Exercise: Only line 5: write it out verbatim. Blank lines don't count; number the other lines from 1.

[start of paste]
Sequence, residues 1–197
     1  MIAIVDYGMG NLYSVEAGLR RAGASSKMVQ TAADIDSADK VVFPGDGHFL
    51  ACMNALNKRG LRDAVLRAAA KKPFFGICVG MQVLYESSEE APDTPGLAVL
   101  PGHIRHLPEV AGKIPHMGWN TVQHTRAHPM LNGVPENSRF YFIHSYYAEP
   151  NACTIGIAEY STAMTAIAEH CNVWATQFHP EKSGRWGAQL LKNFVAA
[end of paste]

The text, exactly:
   151  NACTIGIAEY STAMTAIAEH CNVWATQFHP EKSGRWGAQL LKNFVAA